#2 Freedom to have secrets: How to keep your information private

By EDRi · October 11, 2016

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This is the second blogpost of our series dedicated to privacy, security and freedoms. In the coming weeks, we will explain how your freedoms are under threat, and what you can do to fight back.

In our previous blogpost we described “cookies” and how they help to make a profile of your personality. This time we explain how your freedom to have secrets is at risk.


Big Data Surveillance: What is that and how it works?

Today, more and more devices and appliances connect to the internet, and most of our communications are in the hands of private companies. These companies often collect data about us: Your “free” email service is very probably routinely screening the contents of your emails, and using this information for advertising purposes. Based on your mobile phone’s location data, it’s not very difficult for companies to find out where you are at every moment, guess what you might be interested in, and who your friends are.

Could you imagine that a toothbrush or a television could be used to spy on you? Or that searching for a recipe to cook lentils could lead into anti-terror squads raiding your home?

If companies are able to read your emails, sms and chats, and to know constantly where you are, and with whom you have close relationships, how can you keep anything to yourself, or to share only with those who you choose? This kind of snooping is a threat to your freedom to have secrets! Even if the companies have no bad intentions, creation of databases with vast amounts of personal data generates huge security risks.

How to claim back your freedom to have secrets

To keep some of your information private, disable location in your smartphone, and check out these tools:

Signal: Recommended by whistleblower Edward Snowden as one of the best available apps, this application allows you to chat securely. All the communications are encrypted end-to-end by default, including group chats and attachments. This means that nobody but the person to whom you send the message will be able to read its contents. Sometimes it is a pain to change to a different technology. However, the more people that use Signal, the more people will use Signal! Privacy and security needs leaders to set an example… Try Signal, it’s as easy as any other instant message app! Ask the five people with whom you are in contact the most regularly to start using it, too, and you’ll be able to chat with them, with no risk to your privacy and security.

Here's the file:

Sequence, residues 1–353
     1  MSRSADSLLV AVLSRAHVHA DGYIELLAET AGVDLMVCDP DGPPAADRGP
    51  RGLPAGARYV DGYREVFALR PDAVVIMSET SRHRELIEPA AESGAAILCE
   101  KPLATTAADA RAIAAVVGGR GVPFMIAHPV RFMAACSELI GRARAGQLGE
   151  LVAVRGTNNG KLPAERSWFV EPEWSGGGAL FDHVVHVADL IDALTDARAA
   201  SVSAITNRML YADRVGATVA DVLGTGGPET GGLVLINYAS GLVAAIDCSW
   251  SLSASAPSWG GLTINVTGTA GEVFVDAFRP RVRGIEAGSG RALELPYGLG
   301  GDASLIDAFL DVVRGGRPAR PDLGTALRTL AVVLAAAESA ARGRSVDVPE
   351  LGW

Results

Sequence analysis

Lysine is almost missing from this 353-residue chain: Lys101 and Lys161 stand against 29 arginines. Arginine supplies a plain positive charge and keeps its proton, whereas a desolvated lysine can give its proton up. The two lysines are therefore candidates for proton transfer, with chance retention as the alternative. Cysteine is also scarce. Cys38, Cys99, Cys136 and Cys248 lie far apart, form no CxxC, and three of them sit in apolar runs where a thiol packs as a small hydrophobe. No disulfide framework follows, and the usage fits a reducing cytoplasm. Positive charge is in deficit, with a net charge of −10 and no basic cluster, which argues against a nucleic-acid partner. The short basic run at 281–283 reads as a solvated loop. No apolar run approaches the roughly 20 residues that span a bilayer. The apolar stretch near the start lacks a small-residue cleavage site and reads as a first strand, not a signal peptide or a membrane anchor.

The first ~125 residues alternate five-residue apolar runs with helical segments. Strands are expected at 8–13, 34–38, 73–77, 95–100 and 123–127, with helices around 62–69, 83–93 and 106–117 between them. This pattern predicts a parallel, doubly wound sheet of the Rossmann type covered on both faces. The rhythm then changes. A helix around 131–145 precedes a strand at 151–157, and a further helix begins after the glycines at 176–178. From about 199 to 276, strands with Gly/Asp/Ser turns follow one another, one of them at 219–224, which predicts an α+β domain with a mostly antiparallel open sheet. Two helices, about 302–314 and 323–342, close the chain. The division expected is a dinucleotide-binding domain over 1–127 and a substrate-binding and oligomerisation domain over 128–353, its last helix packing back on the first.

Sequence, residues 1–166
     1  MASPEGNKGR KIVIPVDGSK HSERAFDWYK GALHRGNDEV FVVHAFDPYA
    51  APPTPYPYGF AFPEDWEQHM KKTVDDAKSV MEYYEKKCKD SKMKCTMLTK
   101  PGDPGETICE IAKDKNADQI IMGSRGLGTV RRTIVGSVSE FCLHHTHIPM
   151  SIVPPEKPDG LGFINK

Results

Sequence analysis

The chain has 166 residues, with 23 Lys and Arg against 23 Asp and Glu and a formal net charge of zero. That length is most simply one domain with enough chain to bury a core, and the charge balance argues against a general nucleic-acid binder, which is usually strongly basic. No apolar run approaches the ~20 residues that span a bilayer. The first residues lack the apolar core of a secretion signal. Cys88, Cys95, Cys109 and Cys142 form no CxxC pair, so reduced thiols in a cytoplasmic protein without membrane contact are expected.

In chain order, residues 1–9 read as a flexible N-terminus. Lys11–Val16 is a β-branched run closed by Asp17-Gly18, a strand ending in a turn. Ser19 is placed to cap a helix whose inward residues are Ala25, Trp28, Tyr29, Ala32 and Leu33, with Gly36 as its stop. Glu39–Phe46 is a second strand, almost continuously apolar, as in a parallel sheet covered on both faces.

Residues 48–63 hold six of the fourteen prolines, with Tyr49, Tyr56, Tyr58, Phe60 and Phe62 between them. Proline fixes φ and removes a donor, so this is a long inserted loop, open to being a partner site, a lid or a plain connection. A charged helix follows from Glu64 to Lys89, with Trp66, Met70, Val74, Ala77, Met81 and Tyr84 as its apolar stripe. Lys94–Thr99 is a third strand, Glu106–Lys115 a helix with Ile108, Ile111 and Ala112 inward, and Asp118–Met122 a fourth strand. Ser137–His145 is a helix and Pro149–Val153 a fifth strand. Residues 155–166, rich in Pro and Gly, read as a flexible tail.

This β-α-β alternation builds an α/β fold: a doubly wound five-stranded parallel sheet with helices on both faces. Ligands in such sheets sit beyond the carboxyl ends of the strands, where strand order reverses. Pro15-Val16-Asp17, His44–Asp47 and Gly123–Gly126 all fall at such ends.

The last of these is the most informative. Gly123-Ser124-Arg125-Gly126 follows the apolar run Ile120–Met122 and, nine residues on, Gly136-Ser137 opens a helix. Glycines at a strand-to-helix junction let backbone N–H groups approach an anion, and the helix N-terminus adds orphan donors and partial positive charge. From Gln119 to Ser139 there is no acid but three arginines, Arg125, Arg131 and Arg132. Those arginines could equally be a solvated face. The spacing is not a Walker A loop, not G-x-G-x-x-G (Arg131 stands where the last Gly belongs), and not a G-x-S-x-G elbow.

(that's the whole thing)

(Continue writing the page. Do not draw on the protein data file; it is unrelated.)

Want to go a step further? Why not encrypting your smartphone? Check the full disk encryption options in Android security settings, and check the “data protection” options in iPhones and iPads to improve your security beyond the defaults.

See more advice from our member organisation, the EFF, about how to keep your information safe here.

You can find more tools in the surveillance self-defense guide by the EFF.

John is dealing with location surveillance in this video, prepared by our member Association for Technology and Internet (ApTI) – Romania:


What can politicians do to safeguard your freedoms online?

The rules on online privacy in the EU (ePrivacy Directive) will be soon updated. This law is dealing with privacy and confidentiality of communications for the entire EU, and it affects tracking and other issues related to your freedoms online. Are politicians ready to fight for your privacy and security?

Read our previous blogposts here, and stay tuned to our next blogposts to know more about your freedoms online, and how they are threatened!